Fifa 2010 tickets on sale in just three weeks

2009-01-30 00:00

TICKETS for the 2010 Fifa Soccer World Cup go on sale on the Internet in just under three weeks at a prominent South African bank.

With Monday having marked 500 days to the World Cup kick-off on June 11, 2010 — today there are 495 days to go — tickets for the event go on sale in 20 days’ time, on February 19.

Tickets are available to the general public at R200 for the cheapest first round ticket to R9 000 for the most expensive ticket for the final, but are also on sale as part of tour packages which are expected to be expensive.

The World Cup tickets are on sale in only two places — on the Internet at the website of world governing body Fifa (, and at any First National Bank (FNB) branch.

Like the Confederations Cup in June this year, tickets are sold by application, and the successful applicants are informed at a later date.

Fifa media officer Delia Fischer did not want to expand too greatly on the process of buying tickets when contacted by The Witness.

“We don’t want to start the media build-up for the selling of the tickets until a closer date to them going on sale because we want the hype closer to the time, otherwise people become blasé about it,” Fischer said.

While a rush is expected for tickets from February 19, concerns have been raised about their accessibility to ordinary soccer fans, who are not high income earners.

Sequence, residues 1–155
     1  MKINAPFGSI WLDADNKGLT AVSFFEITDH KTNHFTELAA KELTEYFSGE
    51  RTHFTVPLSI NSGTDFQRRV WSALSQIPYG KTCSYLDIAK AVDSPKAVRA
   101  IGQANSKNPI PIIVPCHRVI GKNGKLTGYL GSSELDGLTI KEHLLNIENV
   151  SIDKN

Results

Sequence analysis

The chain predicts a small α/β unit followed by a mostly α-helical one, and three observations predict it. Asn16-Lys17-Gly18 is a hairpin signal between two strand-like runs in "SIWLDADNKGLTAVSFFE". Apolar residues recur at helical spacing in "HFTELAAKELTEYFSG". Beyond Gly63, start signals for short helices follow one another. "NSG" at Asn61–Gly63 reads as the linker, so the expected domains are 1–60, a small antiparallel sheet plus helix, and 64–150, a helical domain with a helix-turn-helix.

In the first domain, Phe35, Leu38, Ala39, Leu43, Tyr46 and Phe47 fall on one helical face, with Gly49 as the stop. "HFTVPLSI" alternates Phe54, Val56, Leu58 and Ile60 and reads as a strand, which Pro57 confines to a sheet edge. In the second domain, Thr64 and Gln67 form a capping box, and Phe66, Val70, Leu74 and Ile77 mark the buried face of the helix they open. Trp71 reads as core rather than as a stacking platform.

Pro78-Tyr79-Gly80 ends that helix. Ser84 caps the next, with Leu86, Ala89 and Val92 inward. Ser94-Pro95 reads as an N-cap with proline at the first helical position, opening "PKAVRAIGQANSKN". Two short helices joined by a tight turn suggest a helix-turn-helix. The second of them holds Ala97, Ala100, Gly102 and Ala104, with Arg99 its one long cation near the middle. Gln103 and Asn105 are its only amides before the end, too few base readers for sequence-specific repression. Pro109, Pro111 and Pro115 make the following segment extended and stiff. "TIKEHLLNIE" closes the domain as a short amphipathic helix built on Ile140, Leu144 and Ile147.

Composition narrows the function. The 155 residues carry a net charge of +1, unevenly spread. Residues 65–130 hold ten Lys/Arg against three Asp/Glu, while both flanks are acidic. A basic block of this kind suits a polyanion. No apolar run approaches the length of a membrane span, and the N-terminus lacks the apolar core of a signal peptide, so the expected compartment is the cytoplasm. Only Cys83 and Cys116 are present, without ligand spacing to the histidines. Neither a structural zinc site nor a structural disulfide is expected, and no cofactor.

A recent article in Business Day’s Sport Monthly magazine questioned how many of the cheap Category four tickets — on sale to South Africans only — will be available. These tickets are also expected to be in greater number for games involving the less glamorous teams (for example, between Paraguay and the USA) and in the worst area of the stadium.

Further hampering ordinary soccer fans’ chances of obtaining tickets is an expected middle-class rush when sales open.

There are three million tickets for the World Cup, though only half are on sale to the general public.

Of the three million total, 12% go to the participating associations of the 32 qualifying teams while a significant amount are also set aside for hospitality and tour packages.

Fifa have also put an end to the short window of opportunity in previous World Cups where, when the tickets first went on sale, residents of the host country would get precedence.

“The one privilege we [South Africans] have is to get exclusive access to the worst tickets in the house,” the Sports World article, by soccer journalist Mark Gleeson, stated.

Category four tickets are priced at $20 (R200) for first round games (R700 for the opening game), $50 (R500) for the second round, R750 for the quarter-finals, and R1 000 for the semi-finals, while the cheapest-priced ticket for the final is R1 500.

For Category one to three tickets, which are also available on the domestic South African market, the prices range from R2 000 to R4 500 for the first round, and from R4 000 to R9 000 for the most expensive ticket to the final.

Overall, the prices are almost in line with those at the previous World Cup in Germany, where the average was $136 per ticket, while in South Africa it will be $139.

In 2010, 400 000 tourists are expected to travel to South Africa for the World Cup, which is down from the original 900 000 predicted when the country won the bid in 2006 — this thanks to the global economic downturn.

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